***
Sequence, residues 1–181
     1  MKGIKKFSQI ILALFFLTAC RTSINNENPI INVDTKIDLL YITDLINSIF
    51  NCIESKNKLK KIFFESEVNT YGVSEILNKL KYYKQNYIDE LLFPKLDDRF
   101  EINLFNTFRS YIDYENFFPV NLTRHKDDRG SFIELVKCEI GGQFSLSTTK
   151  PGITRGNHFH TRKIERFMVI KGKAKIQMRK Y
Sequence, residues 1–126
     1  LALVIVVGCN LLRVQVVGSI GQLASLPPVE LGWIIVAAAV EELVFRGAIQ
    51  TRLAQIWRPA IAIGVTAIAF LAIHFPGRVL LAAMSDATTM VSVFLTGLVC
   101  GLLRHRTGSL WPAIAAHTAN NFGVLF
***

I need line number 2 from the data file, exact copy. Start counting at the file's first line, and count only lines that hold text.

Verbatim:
     1  MKGIKKFSQI ILALFFLTAC RTSINNENPI INVDTKIDLL YITDLINSIF